These kinds of figures, which SIPC and the Trustee have not disclosed, will give us the reality of people’s economic situations and will reveal what is fair in reality -- what is fair when you take account of the economic situations of real people, as opposed to what might be argued to be fair under the abstract economic examples used by the Trustee and adopted by Lifland.

No doubt SIPC and the Trustee will object to providing these figures, claiming it will be too much work. Well, with modern computers, the figures can likely be compiled with literally the touch of a button. (And for obvious reasons it wouldn’t surprise me if SIPC and the Trustee already have compiled the figures.) Moreover, acquiring these figures is the only way in which the courts, or we, can measure whether cash-in/cash-out provides fairness -- in the context of the economic situations of real people -- especially when you consider that some people have had to engage in dumpster diving while others still have tens, scores, or hundreds of millions of dollars left.

Of course, the real reason SIPC and the Trustee don’t want to give courts, or us, the foregoing information is very likely that the actual information about the economic situations of real people will undermine SIPC’s and the Trustee’s completely abstract argument about fairness.

There are, then, two major reasons why our position is correct, notwithstanding the reflexive view of some people that cash-in/cash-out should be used so that people who have not taken out more than they put in will obtain more than they otherwise would. One reason is the Congressional intent and the other is the human reality of the situation, a reality reflected in data which SIPC and the Trustee keep locked away lest the actual facts of the possible unfairness of the cash-in/cash-out method be exposed in concrete terms.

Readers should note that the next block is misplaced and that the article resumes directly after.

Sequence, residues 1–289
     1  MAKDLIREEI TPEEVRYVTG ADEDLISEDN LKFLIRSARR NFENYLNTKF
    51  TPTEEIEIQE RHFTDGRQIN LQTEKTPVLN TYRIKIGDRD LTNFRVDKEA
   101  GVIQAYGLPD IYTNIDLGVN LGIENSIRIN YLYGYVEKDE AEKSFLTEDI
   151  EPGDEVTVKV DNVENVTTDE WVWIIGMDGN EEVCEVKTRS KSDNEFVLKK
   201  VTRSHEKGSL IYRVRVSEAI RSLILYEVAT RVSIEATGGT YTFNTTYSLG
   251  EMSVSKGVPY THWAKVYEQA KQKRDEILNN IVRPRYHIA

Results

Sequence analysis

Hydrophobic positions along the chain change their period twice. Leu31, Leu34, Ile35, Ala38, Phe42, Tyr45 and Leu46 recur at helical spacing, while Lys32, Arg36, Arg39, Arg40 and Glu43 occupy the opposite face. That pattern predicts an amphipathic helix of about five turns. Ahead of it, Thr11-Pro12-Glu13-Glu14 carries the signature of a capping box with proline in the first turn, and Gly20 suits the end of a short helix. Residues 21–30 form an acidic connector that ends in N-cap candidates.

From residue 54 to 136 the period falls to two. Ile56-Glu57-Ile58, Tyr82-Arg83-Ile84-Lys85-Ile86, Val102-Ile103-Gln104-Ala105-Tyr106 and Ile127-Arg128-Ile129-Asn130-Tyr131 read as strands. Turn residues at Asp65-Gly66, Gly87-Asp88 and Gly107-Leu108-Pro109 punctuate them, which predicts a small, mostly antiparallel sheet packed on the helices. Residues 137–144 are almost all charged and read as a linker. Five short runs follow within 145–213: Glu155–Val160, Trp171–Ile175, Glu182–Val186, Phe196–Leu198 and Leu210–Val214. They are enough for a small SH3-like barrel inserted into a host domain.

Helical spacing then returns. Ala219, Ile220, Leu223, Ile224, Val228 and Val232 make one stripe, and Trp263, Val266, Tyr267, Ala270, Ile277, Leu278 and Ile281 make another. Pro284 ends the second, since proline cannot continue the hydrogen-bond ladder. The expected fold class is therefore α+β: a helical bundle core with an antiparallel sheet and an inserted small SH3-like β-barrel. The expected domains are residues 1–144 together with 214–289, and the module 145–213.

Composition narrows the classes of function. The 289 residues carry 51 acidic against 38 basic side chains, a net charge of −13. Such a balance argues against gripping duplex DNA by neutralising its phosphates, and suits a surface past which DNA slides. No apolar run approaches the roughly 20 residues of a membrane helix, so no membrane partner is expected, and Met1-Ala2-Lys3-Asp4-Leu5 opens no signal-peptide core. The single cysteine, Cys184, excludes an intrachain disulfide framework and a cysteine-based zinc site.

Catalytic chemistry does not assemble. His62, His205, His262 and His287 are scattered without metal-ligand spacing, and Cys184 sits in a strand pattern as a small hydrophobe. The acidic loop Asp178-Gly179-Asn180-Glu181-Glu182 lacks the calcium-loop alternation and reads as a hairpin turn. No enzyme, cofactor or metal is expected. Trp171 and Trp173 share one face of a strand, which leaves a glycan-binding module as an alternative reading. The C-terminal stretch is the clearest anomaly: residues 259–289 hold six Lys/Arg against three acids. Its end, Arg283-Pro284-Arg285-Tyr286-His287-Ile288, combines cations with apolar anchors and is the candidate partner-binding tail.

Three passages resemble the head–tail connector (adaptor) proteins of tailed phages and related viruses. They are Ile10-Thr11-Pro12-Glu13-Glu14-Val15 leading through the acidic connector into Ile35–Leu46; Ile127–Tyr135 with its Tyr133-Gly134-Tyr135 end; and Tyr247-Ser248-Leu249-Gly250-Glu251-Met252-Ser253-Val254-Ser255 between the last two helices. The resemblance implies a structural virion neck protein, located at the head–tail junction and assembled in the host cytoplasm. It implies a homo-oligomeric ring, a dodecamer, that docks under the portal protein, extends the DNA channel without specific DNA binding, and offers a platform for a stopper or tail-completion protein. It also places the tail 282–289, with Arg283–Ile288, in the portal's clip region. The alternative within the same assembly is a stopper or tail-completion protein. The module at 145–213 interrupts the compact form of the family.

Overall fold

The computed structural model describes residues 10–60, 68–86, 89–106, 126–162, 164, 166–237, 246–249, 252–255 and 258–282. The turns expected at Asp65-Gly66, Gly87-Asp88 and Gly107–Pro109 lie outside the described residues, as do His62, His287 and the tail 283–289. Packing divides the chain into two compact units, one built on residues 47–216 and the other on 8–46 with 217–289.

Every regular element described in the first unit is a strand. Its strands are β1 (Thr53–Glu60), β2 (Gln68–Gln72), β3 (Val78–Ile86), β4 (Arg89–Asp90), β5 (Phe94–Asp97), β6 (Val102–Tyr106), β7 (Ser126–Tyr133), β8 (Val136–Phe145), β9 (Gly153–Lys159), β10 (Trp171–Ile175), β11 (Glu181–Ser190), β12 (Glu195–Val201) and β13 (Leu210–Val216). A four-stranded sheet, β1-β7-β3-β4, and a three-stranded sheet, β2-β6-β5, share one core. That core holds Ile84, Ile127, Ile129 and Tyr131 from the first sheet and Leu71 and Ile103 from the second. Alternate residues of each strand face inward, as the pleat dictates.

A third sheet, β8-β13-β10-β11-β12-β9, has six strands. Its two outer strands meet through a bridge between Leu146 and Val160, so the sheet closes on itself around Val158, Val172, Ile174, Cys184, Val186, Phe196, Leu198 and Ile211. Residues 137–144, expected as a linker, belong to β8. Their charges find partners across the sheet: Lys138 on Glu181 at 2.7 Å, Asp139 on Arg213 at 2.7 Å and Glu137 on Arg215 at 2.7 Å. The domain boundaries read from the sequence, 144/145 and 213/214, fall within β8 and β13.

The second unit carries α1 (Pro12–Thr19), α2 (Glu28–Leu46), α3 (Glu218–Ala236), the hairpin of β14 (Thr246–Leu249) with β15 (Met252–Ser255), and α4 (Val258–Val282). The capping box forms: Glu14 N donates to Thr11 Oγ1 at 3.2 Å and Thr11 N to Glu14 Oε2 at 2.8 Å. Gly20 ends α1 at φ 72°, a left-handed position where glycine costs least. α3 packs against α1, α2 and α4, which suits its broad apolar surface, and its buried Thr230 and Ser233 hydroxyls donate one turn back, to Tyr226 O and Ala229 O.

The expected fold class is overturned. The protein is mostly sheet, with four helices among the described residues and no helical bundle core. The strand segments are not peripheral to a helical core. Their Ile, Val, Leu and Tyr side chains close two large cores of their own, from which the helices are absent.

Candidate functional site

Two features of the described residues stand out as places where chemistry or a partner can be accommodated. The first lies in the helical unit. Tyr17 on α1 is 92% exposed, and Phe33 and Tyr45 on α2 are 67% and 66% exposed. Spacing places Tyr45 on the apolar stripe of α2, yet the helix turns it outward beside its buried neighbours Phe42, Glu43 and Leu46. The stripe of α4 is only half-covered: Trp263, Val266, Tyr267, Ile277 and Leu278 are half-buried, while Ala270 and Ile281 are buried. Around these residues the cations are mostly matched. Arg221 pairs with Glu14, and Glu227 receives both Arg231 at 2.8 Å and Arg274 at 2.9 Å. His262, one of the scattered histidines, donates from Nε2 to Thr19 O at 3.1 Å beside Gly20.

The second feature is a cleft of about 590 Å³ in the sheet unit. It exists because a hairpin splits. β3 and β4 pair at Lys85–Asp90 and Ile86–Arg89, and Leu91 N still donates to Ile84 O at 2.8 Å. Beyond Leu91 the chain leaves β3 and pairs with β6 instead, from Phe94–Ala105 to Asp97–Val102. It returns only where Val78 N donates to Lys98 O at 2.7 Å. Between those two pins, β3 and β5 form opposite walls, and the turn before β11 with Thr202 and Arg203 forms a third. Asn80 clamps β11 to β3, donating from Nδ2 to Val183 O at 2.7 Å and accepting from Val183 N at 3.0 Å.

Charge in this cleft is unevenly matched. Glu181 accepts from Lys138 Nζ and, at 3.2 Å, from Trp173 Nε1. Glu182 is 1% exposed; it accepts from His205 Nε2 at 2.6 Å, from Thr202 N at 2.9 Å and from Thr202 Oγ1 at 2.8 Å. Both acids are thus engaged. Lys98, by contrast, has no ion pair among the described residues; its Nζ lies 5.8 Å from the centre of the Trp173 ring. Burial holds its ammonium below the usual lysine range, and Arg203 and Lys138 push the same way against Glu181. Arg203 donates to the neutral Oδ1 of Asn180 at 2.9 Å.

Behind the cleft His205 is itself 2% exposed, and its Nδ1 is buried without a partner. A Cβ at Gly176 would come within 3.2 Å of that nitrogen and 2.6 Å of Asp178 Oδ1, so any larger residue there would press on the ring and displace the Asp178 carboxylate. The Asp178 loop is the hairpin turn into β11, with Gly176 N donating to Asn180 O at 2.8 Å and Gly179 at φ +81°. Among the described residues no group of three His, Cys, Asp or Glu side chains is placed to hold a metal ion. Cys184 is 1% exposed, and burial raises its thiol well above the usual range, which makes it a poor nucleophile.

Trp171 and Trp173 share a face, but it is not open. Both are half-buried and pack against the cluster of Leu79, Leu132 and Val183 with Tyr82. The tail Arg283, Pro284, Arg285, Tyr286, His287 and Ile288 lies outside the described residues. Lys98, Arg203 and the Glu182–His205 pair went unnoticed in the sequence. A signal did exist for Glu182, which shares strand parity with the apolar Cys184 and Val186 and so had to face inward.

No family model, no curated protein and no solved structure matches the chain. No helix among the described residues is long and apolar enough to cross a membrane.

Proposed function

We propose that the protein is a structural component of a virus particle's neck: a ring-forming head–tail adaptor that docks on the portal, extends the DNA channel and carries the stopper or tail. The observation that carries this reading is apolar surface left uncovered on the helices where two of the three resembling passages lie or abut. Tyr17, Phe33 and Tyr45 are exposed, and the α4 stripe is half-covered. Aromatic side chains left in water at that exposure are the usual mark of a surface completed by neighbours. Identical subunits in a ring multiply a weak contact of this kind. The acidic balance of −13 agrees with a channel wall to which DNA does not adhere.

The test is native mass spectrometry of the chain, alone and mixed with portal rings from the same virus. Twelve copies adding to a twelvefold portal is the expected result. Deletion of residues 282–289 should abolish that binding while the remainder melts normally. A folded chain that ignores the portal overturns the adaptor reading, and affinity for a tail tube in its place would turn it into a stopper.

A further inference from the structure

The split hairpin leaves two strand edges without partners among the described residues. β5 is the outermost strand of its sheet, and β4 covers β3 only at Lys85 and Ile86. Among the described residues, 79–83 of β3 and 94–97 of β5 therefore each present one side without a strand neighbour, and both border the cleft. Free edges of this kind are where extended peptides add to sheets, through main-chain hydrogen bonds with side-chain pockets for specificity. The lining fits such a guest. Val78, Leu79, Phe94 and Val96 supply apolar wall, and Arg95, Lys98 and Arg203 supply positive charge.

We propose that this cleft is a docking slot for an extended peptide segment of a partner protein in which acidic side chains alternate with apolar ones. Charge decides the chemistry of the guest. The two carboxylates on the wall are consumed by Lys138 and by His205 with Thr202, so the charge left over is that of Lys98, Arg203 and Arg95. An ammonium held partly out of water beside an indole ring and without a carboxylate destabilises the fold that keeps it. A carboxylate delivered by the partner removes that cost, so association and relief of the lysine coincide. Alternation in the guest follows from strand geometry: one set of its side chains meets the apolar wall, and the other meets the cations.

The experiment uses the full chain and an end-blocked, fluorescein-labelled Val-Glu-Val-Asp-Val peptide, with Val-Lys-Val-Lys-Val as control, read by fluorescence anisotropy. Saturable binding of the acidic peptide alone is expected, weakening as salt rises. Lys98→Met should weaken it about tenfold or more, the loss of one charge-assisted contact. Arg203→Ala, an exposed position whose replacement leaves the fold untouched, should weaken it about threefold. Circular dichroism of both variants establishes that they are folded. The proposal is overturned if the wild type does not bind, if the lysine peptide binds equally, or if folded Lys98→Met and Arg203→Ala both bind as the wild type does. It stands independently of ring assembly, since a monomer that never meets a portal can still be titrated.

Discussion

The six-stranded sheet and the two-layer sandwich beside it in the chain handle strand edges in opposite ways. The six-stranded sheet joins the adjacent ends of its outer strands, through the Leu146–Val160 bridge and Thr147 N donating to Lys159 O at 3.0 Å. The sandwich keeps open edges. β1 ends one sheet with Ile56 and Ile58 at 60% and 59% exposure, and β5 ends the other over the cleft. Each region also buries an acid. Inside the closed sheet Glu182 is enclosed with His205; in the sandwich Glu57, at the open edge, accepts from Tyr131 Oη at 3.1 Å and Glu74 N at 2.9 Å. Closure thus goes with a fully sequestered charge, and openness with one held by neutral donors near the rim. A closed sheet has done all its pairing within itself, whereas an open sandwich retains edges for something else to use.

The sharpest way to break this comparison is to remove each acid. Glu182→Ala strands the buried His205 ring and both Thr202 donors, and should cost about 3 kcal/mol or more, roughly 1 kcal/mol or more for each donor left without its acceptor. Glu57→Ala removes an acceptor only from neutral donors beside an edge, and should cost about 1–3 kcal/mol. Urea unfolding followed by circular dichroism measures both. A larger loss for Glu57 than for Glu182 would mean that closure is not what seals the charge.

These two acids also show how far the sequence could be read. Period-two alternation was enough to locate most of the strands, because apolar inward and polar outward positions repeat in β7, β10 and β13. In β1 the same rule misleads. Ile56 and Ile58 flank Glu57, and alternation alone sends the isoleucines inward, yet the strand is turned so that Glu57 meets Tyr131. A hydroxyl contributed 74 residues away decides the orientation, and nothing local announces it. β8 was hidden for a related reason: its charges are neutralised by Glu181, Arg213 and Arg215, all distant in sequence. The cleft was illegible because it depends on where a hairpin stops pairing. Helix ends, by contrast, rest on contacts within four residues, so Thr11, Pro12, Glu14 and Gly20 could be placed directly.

* * * * *

That SIPC and the Trustee have kept the facts of the situation locked away is par for the course here.

Throughout the case SIPC and the Trustee have kept important matters close to the vest. When this writer sought discovery of the reasons why SIPC and the Trustee used the cash-in/cash-out method instead of the final statement method, SIPC and the Trustee vigorously resisted all such discovery. Almost surely the discovery would have proven that cash-in/cash-out was used because early in the case, when its use was decided upon, SIPC and the Trustee were terrified that potential advances to victims would exceed the amounts of money available to SIPC by billions of dollars if the normal final statement method were used. Discovery would thus have shown that fear for SIPC’s finances, with concomitant disregard of Congress’ desire to protect investors and instill confidence in the market, was the driving force. So SIPC and the Trustee vigorously resisted discovery, and Judge Lifland, as always, did what they wanted. He also made clear more broadly, in my view, that he was not going to countenance discovery of any kind lest this delay Picard; his language was telling.

Subsequently, many of us think, SIPC and the Trustee found out that SIPC would not go broke if the final statement method was used to determine net equity. But if this is true, as several of us believe, SIPC again did not reveal the facts, this time perhaps because it did not want to disclose a serious mistake that caused havoc and/or it wanted to save money by using cash-in/cash-out.

It also turns out apparently -- at least it has been said by someone who should know -- that back around 2003, when the GAO and Congress were warning SIPC that its fund was too small to withstand the bankruptcy of a major brokerage house, SIPC somehow got some kind of approbationary actuarial assessment from some alleged experts. But who these people were, and what they said, is, as Churchill said of the Soviet Union, a mystery wrapped in an enigma. Having been kept secret all these years, nobody can yet know or question what the alleged experts actually said, what their reasons were, whether the reasons held water, etc.